I saw some people on Twitter characterizing my post this morning about monetary policy and the labor share of national income as saying that this was my explanation of wage stagnation. It's not—at least not quite. And it's important to be careful and precise here.
One issue is wages—the amount of money that workers get paid. The other is the wage or compensation share of the economy. These are related but distinct ideas. Given sufficiently rapid productivity growth, it's perfectly coherent to imagine rising wages and a shrinking wage share. (Something like this has happened in China, I believe.)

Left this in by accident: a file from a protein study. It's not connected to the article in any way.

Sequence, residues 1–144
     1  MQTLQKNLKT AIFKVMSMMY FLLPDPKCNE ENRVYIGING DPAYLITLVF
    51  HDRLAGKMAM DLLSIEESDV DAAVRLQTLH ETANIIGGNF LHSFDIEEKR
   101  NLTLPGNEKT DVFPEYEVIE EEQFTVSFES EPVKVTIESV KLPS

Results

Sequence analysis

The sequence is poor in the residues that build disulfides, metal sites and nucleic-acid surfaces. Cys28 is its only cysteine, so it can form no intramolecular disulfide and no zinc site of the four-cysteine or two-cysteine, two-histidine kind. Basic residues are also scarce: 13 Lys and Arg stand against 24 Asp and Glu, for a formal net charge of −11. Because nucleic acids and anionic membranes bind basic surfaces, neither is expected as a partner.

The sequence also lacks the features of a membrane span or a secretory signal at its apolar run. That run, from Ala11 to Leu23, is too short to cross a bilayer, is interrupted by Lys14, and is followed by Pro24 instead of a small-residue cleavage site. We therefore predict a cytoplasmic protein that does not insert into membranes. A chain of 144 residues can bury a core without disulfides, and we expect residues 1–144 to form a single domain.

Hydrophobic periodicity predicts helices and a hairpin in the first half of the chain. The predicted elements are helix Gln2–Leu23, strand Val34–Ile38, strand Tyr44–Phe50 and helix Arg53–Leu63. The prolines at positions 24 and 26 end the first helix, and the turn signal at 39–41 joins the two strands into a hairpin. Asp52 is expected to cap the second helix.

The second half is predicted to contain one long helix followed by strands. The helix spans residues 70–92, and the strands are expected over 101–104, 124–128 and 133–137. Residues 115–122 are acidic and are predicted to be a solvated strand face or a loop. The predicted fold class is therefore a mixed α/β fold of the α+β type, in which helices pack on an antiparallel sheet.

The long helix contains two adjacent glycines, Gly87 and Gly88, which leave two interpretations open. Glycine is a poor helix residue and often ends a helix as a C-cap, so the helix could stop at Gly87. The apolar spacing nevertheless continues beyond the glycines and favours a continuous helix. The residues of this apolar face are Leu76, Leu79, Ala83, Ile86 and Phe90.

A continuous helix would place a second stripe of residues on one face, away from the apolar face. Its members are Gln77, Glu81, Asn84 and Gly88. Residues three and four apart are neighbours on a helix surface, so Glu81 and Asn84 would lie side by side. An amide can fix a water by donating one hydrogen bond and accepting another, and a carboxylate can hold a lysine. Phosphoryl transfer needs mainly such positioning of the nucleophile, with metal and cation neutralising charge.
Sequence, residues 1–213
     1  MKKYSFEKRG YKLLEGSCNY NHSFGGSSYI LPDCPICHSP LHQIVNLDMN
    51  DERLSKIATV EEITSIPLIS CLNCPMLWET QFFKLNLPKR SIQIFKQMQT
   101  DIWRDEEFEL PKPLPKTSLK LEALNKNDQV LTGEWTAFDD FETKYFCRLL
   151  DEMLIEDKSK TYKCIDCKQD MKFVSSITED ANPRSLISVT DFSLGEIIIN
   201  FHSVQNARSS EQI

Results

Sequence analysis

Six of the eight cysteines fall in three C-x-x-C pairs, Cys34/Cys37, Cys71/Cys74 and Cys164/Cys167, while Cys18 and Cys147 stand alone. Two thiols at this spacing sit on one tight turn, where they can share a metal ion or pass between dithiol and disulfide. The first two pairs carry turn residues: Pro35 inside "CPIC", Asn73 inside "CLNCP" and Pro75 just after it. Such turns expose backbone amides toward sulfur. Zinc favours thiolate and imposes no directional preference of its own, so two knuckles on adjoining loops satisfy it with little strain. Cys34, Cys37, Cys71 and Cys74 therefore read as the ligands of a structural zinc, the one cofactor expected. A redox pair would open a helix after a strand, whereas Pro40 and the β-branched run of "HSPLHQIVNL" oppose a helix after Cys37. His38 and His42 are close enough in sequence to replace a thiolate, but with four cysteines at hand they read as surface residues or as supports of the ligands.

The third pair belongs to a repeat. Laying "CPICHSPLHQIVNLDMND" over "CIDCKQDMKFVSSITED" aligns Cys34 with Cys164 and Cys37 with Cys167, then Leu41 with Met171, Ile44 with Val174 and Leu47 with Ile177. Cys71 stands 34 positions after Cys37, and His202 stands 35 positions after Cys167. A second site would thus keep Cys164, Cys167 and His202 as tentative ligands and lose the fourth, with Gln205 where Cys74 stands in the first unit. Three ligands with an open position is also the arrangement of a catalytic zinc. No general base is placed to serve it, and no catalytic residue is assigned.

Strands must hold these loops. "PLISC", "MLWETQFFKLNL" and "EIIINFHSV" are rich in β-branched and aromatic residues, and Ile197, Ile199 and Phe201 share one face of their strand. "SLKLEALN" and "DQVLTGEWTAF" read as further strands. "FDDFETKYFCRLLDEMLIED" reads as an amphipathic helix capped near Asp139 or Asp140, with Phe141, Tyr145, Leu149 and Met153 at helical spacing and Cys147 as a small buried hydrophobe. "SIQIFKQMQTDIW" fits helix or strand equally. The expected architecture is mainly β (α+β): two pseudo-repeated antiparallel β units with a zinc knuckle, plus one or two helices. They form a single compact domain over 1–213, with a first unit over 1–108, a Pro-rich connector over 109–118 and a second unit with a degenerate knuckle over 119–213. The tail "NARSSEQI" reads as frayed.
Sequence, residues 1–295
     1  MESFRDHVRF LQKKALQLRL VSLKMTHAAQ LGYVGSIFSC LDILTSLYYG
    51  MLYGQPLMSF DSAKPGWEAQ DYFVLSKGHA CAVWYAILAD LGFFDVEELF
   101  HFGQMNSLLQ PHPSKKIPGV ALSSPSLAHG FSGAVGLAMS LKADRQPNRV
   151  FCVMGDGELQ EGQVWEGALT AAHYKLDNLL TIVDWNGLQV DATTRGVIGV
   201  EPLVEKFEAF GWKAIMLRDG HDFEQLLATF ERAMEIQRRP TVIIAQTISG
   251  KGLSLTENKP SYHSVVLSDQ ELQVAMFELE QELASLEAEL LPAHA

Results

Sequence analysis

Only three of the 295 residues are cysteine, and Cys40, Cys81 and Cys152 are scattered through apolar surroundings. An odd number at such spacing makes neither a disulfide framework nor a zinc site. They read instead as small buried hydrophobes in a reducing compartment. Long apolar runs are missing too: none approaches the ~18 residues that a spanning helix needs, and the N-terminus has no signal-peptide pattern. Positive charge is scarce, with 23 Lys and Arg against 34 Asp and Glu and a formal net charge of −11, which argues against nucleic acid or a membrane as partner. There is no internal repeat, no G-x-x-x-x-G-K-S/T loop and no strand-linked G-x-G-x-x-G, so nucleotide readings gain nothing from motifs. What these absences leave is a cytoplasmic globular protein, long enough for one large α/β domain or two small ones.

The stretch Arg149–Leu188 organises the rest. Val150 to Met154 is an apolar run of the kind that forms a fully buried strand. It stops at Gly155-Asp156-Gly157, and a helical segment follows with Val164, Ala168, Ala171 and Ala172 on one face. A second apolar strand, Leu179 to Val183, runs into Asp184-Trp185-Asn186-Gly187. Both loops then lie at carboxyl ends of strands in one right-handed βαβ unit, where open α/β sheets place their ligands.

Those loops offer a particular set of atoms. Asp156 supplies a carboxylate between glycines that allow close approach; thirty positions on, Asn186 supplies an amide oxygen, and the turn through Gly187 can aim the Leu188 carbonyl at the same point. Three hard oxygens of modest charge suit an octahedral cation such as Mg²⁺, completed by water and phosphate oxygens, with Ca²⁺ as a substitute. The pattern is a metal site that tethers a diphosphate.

The monetary policy issue speaks exclusively to the shares point. When wages grow faster than productivity, that's inflationary. When there's a persistent patch of labor-market weakness, wages grow slower than productivity. So if the Federal Reserve always prevents inflation but sometimes permits a persistent patch of labor-market weakness, then the wage share is going to shrink. To maintain a stable wage share, the central bank would either need to flawlessly stabilize the macroeconomy or else commit offsetting, random errors. Obviously a no-errors regime would be better than the random-errors regime, but we don't have either of those things. Instead we have a regime in which the errors are systematically biased toward occasional recessions followed by "jobless recoveries." That's not an accident; it's a deliberate feature of policy framework that places a lot of weight on central bank credibility and essentially no weight on distributional issues.